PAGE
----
Given that module Foo is defined elsewhere what is the difference between the following 2 code snippets?
class Foo::Bar ... end
module Foo class Bar ... end end
It is actually quite simple. The following code:
# foo.rb module Foo BAR = 123 end module Foo class A puts BAR end end class Foo::B puts BAR end
123 foo.rb:13:in `': uninitialized constant Foo::B::BAR (NameError) from foo.rb:12:in `
Simply put, while A has access to the insides of the module's Foo namespace, class B is defined outside of this namespace, only the result of the definition is put as a constant inside Foo.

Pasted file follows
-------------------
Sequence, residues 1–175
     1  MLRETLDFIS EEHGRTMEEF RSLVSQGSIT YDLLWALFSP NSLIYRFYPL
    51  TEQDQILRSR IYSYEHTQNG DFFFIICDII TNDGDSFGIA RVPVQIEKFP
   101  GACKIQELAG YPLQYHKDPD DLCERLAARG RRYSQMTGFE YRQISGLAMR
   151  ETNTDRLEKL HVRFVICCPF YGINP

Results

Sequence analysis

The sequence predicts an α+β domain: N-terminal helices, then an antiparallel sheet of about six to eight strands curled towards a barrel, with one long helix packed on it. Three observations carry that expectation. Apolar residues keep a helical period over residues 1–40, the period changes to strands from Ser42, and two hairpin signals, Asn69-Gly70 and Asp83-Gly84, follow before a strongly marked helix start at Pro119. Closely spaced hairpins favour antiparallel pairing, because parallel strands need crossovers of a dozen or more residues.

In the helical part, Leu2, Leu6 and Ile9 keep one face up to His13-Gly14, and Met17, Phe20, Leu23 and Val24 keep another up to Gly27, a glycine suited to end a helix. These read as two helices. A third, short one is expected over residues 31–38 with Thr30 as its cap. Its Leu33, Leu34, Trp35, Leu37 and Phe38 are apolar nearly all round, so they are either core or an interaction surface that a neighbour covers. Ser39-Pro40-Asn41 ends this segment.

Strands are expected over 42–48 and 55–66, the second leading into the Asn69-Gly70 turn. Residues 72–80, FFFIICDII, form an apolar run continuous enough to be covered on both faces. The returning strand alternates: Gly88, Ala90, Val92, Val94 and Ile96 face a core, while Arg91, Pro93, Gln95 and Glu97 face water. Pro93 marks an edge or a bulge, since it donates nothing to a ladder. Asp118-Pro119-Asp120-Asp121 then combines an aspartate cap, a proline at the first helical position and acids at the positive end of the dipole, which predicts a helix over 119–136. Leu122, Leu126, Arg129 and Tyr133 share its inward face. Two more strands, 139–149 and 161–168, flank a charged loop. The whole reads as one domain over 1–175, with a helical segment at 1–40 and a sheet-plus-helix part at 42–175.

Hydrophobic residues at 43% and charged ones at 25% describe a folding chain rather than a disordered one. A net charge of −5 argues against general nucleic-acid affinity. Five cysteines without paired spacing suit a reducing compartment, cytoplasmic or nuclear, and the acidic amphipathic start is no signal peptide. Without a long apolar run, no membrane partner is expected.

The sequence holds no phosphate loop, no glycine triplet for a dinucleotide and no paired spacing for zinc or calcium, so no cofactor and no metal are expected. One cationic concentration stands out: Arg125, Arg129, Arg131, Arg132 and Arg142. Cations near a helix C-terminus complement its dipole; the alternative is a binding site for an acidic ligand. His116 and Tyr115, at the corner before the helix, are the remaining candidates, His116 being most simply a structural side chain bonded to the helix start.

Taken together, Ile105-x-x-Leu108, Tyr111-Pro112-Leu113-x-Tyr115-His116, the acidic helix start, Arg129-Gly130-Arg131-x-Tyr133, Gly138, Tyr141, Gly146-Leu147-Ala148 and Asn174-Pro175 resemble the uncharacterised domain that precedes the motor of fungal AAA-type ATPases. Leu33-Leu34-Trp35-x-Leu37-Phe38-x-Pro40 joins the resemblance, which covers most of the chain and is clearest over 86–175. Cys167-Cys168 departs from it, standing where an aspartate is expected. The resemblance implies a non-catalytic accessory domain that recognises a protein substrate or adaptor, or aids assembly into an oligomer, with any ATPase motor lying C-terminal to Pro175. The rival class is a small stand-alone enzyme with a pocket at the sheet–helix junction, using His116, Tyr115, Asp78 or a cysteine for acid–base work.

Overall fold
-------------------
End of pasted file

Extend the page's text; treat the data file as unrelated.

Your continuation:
I most frequently stumble on this when I want to define some common constants in the parent module, just like in the example above. Given that and the fact that the 2nd form doesn't actually require the module to be defined, the 2nd form is probably better and is a safer bet in most cases.